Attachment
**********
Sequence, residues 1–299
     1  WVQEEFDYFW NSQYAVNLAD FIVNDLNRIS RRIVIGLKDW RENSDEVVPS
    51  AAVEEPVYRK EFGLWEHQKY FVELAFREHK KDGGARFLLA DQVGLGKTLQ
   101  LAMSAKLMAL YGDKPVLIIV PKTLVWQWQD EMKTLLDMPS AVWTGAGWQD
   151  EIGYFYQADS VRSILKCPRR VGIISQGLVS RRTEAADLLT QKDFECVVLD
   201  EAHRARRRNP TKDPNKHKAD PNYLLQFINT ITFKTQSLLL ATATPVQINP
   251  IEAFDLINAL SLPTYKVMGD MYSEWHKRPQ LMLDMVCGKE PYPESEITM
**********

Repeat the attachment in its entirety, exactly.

Sequence, residues 1–299
     1  WVQEEFDYFW NSQYAVNLAD FIVNDLNRIS RRIVIGLKDW RENSDEVVPS
    51  AAVEEPVYRK EFGLWEHQKY FVELAFREHK KDGGARFLLA DQVGLGKTLQ
   101  LAMSAKLMAL YGDKPVLIIV PKTLVWQWQD EMKTLLDMPS AVWTGAGWQD
   151  EIGYFYQADS VRSILKCPRR VGIISQGLVS RRTEAADLLT QKDFECVVLD
   201  EAHRARRRNP TKDPNKHKAD PNYLLQFINT ITFKTQSLLL ATATPVQINP
   251  IEAFDLINAL SLPTYKVMGD MYSEWHKRPQ LMLDMVCGKE PYPESEITM